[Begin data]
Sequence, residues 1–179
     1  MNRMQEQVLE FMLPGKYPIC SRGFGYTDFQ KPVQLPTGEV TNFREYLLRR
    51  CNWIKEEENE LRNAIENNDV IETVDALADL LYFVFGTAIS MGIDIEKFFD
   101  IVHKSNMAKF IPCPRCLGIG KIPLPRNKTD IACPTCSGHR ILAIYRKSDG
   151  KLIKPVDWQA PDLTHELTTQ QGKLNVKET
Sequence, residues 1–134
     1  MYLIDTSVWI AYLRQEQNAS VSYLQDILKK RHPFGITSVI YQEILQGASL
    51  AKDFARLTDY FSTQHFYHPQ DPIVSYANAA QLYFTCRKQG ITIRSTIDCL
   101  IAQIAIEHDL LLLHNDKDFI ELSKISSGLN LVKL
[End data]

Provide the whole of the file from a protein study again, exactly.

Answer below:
Sequence, residues 1–179
     1  MNRMQEQVLE FMLPGKYPIC SRGFGYTDFQ KPVQLPTGEV TNFREYLLRR
    51  CNWIKEEENE LRNAIENNDV IETVDALADL LYFVFGTAIS MGIDIEKFFD
   101  IVHKSNMAKF IPCPRCLGIG KIPLPRNKTD IACPTCSGHR ILAIYRKSDG
   151  KLIKPVDWQA PDLTHELTTQ QGKLNVKET
Sequence, residues 1–134
     1  MYLIDTSVWI AYLRQEQNAS VSYLQDILKK RHPFGITSVI YQEILQGASL
    51  AKDFARLTDY FSTQHFYHPQ DPIVSYANAA QLYFTCRKQG ITIRSTIDCL
   101  IAQIAIEHDL LLLHNDKDFI ELSKISSGLN LVKL